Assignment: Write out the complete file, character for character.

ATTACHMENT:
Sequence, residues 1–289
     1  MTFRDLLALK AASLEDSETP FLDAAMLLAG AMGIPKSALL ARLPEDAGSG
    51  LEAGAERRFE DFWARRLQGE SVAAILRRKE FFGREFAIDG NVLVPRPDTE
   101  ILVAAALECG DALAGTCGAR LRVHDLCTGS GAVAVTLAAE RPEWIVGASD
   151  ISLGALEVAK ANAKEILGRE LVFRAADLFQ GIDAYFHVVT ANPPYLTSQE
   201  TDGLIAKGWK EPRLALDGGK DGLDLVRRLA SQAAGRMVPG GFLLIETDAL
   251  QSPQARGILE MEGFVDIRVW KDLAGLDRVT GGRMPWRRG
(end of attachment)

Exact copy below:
Sequence, residues 1–289
     1  MTFRDLLALK AASLEDSETP FLDAAMLLAG AMGIPKSALL ARLPEDAGSG
    51  LEAGAERRFE DFWARRLQGE SVAAILRRKE FFGREFAIDG NVLVPRPDTE
   101  ILVAAALECG DALAGTCGAR LRVHDLCTGS GAVAVTLAAE RPEWIVGASD
   151  ISLGALEVAK ANAKEILGRE LVFRAADLFQ GIDAYFHVVT ANPPYLTSQE
   201  TDGLIAKGWK EPRLALDGGK DGLDLVRRLA SQAAGRMVPG GFLLIETDAL
   251  QSPQARGILE MEGFVDIRVW KDLAGLDRVT GGRMPWRRG